Friday, May 1, 1998
by Jean Keskulla
When I moved to Massachusetts from New Jersey many years ago, I was aware of having crossed a magical line in the landscape. The woods below that line were all brown in winter; the woods north of the line had green in them year round.
The green of winter and early spring that we are fortunate to have in Massachusetts is not only the green of stately white pines, towering above us; even more so it is the green of small pine saplings, plebians of the understory which crowd one another and make patches and networks of verdant growth under bare oak and above brown leaf litter.
All winter long I watch the pines at eye level from my window, limbs stretched out straight, foliage radiating from twigs like bundles of soft green light. Leaves are just stiff enough to earn the name “needles,” but they are flexible needles; they tickle rather than scratch your face when you brush against them in the woods.
Where I live white pine grows up everywhere, except in maple swamps. We have a thick growth of young ones near one corner of the house. I throw millet among them; juncos and migrating fox sparrows scratch for the seed. For three years in August a mother towhee brought her young to feed among these pines. The fledglings would sit still and call, or bound after her with huge energetic hops. Towhees sometimes build their ground nests in the midst of large dense patches of young white pine. Such places are becoming scarce in Carlisle.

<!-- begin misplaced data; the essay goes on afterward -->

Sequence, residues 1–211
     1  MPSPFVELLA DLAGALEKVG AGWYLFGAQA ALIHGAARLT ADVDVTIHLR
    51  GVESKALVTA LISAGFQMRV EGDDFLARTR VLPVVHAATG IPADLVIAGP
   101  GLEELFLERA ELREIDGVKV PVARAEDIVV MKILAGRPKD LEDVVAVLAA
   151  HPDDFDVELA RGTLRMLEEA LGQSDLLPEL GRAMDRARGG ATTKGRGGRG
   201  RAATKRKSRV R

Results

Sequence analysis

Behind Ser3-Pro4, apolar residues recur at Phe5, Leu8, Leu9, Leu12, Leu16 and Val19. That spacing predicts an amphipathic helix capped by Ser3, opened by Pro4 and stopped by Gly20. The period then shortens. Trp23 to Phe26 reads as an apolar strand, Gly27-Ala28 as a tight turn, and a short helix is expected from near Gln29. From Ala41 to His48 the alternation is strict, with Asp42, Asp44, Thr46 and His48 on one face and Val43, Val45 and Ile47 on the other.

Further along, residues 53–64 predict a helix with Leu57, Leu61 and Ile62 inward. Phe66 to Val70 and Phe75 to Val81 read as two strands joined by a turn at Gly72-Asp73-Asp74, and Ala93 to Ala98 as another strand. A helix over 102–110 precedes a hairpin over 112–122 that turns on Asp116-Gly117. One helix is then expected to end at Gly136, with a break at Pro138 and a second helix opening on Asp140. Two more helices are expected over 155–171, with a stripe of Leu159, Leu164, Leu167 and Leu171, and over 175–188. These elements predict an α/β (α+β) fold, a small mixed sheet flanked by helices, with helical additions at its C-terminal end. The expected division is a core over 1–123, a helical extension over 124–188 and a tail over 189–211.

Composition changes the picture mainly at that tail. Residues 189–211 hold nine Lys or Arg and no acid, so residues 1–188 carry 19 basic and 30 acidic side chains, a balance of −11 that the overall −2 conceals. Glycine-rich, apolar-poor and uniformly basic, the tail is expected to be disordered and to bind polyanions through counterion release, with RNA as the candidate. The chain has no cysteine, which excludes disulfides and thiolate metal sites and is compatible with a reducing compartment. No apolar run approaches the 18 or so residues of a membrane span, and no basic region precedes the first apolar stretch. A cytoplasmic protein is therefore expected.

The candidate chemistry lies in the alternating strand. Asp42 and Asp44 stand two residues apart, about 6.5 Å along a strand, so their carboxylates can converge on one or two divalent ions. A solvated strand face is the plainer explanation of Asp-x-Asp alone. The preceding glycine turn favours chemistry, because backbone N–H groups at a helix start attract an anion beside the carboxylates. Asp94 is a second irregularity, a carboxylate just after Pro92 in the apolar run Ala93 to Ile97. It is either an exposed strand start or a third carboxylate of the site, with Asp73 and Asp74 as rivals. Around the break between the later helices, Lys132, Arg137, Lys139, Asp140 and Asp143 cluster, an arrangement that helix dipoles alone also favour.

Many people, wanting a view or craving woods made only of tall trees with large spaces between, cut all the small pines in their woodlots. I have seen many woods cleared of small trees and low-bush blueberries. I have seen that what often springs up in the disturbed areas is poison ivy.
Between our yard and the local pond there is a growth of young pine that obscures our view of the water. When we first moved in, we would have liked to cut these young trees so we could see the pond. But I’ve learned to value the living screen. Walking down to the pond in winter I’ve found many sets of tracks crossing mine in the snow. I realize the evergreens make the animals feel safe, concealed, as they circle the pond.
A few weeks ago, an animal climbed up out of the undergrowth near the pond into a bare tree. It was a fisher, member of the weasel family, apparently in pursuit of a squirrel which took refuge in a tree hole. I watched this furry-tailed creature for a long time before it climbed down, vanishing into pine growth.
All over Carlisle, there are patches and seams of small white pines growing. They follow property lines, join hands over stone walls, wave to each other across roads and driveways. They border streams, file over oak ridges, connect with fields and maple swamps. They make animal corridors, used by the deer, fox, coyote, fisher, weasel, turkey, hawk, songbird, salamander, frog, and reptile species that still live in Carlisle.
These green corridors are the arms that hold and protect wildlife, directing them towards the dwindling bodies of woodland, wetland, scrub, and field, that make it possible for us to coexist with what is wild and belongs here.
The small pines of today that shelter animals and attract nesting birds like towhees and hermit thrushes are the tall pines of tomorrow, rising up slowly, ready to take the place left by the patrician giants with their trunks like pillars. After the next great hurricane, small pines, tomorrow’s hope, will be there.
But right now the pines of the understory are fading from notice, disappearing into spring leaf growth, green into green.